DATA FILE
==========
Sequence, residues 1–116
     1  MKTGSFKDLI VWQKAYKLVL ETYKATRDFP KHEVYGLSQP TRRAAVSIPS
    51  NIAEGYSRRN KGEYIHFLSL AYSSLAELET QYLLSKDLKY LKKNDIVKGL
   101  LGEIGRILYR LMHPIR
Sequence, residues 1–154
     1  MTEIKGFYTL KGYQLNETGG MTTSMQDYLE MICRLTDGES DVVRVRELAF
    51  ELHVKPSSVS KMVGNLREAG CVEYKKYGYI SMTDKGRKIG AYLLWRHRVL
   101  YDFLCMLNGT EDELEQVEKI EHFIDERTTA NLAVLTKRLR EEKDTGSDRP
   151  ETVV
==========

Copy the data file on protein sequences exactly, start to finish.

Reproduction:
Sequence, residues 1–116
     1  MKTGSFKDLI VWQKAYKLVL ETYKATRDFP KHEVYGLSQP TRRAAVSIPS
    51  NIAEGYSRRN KGEYIHFLSL AYSSLAELET QYLLSKDLKY LKKNDIVKGL
   101  LGEIGRILYR LMHPIR
Sequence, residues 1–154
     1  MTEIKGFYTL KGYQLNETGG MTTSMQDYLE MICRLTDGES DVVRVRELAF
    51  ELHVKPSSVS KMVGNLREAG CVEYKKYGYI SMTDKGRKIG AYLLWRHRVL
   101  YDFLCMLNGT EDELEQVEKI EHFIDERTTA NLAVLTKRLR EEKDTGSDRP
   151  ETVV